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Food Allergy

Parents Sue School Board, Principal in Shocking Allergy Rights Case

gavel In an environment of growing food allergy awareness, the case of two Tennessee parents who are suing the local school board and their child’s former principal stands out as a concerning exception.

The parents have a 7-year-old with a severe peanut allergy who they contend was not being adequately accommodated in first grade at her school. In a lawsuit filed December 1, they charge that their daughter’s rights have been trampled, and they were barred from the school premises for distributing what was called “peanut-free propaganda” – a one-page educational flyer.

Further, the suit contends that someone from the school called the Tennessee Department of Child Services to suggest the parents suffered from the psychological disorder “Munchausen by Proxy”, and that their daughter was a victim of abuse. The DCS investigation found the report against the parents “utterly unsubstantiated,” notes the lawsuit.

The parents are suing the Cheatham County Board of Education and Chip Roney, principal of Ashland City Elementary School, and seeking compensation for suffering and humiliation, as well as the costs of private schooling for their child because they feared she wouldn’t be safe at the public school.

At this stage of the legal process, only the parents’ version of events is available. Jeff Bennett, Cheatham County’s Board of Education communications director, could simply confirm that “Cheatham County school district received notice of the complaint filed on December 1 and have referred it our attorney.” He added that “the district’s top priority is the safety of its students and we work to comply with all federal, state and local laws.”

The couple’s lawsuit sets out that, in August, they collaborated with school officials to create a Section 504 Plan for their daughter, as food allergy can be considered a disability under the Americans with Disabilities Amendments Act. The plan included precautionary measures recommended by her allergist, such as creating a “peanut-free table” in the cafeteria, and keeping the girl’s classroom peanut-free.

In September, the parents raised concerns about ensuring the cafeteria precautions did not isolate their daughter. It was during a late September phone call between the mother and Roney about whether extracurricular events could be made allergy-friendly that the parents say the principal became angry and resistant about allergy accommodations.

Soon after, a complaint against the family was filed with Tennessee’s Department of Children’s Services accusing the parents of “Munchausen by Proxy,” a disorder in which a parent or caregiver fakes or exaggerates a child’s condition and symptoms to gain attention. The parents were subjected to a home inspection, and the suit suggests this was a tense experience, since the DCS has the authority to remove children from their homes if abuse is suspected.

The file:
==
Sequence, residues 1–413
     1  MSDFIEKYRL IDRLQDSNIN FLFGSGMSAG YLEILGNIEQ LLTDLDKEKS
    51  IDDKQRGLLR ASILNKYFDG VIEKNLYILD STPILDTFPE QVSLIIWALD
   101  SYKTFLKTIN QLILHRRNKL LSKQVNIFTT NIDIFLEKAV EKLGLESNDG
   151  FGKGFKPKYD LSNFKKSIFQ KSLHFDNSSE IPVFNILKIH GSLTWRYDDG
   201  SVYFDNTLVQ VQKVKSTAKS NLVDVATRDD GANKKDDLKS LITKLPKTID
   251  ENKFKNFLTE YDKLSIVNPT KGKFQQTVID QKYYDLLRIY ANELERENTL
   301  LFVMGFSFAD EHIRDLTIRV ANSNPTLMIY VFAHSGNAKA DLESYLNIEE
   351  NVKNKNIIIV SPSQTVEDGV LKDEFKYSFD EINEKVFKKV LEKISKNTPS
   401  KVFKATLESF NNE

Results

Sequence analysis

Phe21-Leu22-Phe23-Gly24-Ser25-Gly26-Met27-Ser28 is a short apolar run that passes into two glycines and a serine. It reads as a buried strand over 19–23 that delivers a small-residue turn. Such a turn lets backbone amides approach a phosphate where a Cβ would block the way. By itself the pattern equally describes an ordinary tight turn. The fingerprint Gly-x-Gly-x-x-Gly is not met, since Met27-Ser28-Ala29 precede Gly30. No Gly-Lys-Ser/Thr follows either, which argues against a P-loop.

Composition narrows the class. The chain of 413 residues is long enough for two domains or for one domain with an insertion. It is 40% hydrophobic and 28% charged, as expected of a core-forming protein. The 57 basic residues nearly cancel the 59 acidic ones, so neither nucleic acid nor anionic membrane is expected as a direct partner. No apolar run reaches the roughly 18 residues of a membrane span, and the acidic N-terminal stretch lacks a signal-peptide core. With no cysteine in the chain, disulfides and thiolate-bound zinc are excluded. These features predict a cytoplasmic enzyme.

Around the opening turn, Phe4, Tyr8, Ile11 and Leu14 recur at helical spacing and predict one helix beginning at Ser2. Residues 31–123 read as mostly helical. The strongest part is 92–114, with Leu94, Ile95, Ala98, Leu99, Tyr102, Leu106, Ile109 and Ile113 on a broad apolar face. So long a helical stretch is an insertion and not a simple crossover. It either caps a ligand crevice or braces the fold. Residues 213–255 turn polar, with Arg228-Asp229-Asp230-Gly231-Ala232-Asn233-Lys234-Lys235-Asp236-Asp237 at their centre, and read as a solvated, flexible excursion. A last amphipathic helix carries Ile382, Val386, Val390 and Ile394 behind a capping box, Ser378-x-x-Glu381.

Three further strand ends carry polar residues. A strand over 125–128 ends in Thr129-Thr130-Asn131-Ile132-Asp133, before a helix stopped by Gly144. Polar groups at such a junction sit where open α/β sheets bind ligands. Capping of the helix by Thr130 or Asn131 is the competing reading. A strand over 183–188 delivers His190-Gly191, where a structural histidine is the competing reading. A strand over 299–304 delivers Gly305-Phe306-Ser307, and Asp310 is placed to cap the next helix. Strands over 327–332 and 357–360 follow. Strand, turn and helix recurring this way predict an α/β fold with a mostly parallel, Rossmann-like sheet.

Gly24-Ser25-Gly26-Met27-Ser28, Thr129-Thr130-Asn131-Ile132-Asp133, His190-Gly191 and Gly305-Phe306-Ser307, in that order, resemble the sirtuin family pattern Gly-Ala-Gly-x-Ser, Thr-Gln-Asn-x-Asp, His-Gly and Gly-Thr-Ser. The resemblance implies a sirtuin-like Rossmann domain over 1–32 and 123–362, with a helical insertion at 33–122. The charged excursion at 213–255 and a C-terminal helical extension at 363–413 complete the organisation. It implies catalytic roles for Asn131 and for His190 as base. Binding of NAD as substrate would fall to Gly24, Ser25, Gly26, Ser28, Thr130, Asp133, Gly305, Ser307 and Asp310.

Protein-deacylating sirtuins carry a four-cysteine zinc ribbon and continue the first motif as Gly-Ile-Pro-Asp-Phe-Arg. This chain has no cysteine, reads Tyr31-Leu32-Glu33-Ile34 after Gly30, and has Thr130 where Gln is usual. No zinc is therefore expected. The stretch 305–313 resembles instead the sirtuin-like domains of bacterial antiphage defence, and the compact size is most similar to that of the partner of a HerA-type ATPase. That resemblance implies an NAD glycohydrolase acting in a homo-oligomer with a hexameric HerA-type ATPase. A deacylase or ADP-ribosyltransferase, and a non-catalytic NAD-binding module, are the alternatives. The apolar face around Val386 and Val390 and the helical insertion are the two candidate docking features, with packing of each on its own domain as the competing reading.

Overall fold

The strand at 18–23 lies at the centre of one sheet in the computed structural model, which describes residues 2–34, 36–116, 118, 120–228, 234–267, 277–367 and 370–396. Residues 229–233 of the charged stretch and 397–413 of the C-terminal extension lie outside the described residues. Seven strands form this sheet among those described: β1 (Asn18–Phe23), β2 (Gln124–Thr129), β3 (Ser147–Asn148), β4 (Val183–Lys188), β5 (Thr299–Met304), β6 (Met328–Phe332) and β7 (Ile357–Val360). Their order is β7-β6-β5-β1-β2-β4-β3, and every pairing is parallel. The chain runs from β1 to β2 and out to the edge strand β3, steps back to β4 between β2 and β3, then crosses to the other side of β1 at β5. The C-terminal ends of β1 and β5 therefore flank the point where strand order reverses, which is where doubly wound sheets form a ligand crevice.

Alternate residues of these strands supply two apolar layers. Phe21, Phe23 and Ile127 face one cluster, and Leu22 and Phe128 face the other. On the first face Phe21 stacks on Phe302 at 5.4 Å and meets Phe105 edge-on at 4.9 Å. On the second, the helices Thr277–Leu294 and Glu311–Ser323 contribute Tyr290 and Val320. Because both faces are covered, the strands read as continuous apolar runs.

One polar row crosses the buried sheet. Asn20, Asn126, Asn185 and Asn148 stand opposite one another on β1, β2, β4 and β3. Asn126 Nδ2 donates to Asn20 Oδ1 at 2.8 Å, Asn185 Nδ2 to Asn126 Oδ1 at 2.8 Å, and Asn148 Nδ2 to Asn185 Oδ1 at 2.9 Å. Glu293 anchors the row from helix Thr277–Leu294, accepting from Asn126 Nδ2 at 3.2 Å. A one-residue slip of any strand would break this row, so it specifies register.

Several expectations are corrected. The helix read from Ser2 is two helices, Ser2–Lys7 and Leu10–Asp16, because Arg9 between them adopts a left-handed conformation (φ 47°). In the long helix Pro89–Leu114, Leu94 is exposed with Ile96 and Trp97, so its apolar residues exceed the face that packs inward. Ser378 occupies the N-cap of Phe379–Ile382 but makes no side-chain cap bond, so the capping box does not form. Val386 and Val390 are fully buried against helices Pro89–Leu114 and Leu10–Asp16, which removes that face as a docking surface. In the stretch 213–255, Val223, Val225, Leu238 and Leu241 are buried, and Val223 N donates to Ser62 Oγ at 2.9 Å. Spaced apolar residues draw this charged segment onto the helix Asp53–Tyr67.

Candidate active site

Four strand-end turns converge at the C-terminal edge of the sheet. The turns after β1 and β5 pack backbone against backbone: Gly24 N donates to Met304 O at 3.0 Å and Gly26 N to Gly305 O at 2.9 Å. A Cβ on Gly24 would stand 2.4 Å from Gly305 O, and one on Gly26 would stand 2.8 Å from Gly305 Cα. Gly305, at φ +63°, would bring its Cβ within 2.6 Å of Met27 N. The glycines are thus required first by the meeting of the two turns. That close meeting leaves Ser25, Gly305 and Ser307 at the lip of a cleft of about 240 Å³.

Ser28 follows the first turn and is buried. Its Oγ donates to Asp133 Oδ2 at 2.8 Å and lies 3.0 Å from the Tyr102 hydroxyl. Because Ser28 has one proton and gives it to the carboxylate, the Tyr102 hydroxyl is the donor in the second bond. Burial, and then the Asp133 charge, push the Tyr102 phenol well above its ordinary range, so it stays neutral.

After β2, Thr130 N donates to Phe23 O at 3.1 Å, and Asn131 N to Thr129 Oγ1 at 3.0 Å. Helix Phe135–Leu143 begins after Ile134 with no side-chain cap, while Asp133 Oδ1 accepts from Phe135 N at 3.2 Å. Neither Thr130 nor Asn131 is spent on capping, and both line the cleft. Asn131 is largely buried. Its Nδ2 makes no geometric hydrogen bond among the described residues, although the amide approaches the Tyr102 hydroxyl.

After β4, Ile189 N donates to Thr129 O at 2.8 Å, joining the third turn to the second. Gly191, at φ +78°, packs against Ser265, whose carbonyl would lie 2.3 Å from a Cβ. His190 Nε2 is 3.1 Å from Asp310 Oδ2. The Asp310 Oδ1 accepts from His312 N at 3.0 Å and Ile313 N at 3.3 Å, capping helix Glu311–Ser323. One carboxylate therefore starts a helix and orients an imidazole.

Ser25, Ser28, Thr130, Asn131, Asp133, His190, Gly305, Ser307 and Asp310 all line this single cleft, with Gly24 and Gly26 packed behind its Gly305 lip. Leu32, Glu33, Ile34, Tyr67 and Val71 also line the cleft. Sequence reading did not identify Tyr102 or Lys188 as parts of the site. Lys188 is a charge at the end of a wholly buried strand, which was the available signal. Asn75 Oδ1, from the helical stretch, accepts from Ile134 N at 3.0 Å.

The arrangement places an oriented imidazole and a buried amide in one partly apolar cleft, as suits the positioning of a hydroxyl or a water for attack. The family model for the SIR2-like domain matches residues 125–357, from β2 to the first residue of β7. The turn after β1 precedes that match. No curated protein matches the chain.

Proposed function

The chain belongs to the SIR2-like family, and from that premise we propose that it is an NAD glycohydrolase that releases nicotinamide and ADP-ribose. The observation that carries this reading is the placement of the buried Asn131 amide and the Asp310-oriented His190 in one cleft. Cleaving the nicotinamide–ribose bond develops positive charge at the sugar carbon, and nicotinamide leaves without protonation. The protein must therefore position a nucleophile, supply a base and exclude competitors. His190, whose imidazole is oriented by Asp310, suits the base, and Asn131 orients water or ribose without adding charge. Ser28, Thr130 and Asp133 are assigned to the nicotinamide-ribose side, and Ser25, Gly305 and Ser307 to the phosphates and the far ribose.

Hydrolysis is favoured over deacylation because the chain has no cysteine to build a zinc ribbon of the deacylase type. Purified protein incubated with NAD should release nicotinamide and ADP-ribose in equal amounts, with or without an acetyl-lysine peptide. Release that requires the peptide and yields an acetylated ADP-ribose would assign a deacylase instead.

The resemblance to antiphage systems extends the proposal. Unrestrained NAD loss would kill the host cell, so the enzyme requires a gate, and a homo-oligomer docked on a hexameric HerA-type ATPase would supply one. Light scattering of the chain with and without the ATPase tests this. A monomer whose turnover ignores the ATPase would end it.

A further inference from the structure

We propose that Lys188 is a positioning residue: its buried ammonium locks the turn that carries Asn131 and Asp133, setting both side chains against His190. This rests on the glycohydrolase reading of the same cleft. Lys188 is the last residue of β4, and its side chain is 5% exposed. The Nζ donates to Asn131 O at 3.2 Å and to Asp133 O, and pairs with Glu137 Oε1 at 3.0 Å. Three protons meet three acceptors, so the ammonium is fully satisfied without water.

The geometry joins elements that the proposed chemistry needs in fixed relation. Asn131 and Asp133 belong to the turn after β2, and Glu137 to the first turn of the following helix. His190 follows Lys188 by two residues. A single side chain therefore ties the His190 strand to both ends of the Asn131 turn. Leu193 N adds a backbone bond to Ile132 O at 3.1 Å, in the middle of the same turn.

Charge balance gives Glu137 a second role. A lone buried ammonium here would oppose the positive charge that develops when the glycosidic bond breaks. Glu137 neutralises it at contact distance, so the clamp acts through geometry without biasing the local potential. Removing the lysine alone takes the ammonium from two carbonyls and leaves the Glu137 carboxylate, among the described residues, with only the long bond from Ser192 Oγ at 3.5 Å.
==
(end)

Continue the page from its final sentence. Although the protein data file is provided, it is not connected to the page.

The lawsuit says the couple was cleared of any such suspicions and are simply individuals concerned for their allergic child’s well-being.

In early November, the parents continued to try to educate school officials and the community about the risks involved with food allergies, for instance by presenting the CDC’s voluntary guidelines for managing food allergies in schools at a local school board meeting.

But relations did not improve with the principal. The mother taped a phone conversation Roney made to her on Nov. 6, in which he took the woman to task for handing out a one-page FARE (Food Allergy Resource & Education) flyer to the other children in her daughter’s class with a handwritten message: “Be a lunch buddy at the peanut-free table.”

FARE-flyer-Case

The woman says Roney told her such distribution was against board policy and that he couldn’t “tell you how upset he was that the kids were exposed [to the flyer].” The suit alleges he referred to the FARE flyers, pictured right, as “peanut-free propaganda.”

(The flyer simply says: “Food allergies are serious and they affect 1 in 13 kids.” It includes the FARE logo and a link to the organization’s website for more food allergy information.)

The principal then also banned the woman and her husband from school property.

“This lawsuit sends the strong and unmistakable message that children with disabilities, and their parents, are entitled to advocate for those special needs without experiencing retaliation or harassment by public officials,” Justin Gilbert, the family’s lawyer, told Allergic Living.

“Children and parents should not be forced out of their neighborhood public schools through intimidation, threats, or abuse of power …” said Gilbert. This case is ongoing.

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